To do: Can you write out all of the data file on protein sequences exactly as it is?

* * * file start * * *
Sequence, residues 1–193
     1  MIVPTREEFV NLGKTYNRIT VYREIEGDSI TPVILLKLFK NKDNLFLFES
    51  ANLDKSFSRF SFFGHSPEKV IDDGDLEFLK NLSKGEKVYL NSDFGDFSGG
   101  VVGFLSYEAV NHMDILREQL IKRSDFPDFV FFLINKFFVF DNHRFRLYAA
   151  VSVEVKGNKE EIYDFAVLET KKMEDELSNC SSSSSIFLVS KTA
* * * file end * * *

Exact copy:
Sequence, residues 1–193
     1  MIVPTREEFV NLGKTYNRIT VYREIEGDSI TPVILLKLFK NKDNLFLFES
    51  ANLDKSFSRF SFFGHSPEKV IDDGDLEFLK NLSKGEKVYL NSDFGDFSGG
   101  VVGFLSYEAV NHMDILREQL IKRSDFPDFV FFLINKFFVF DNHRFRLYAA
   151  VSVEVKGNKE EIYDFAVLET KKMEDELSNC SSSSSIFLVS KTA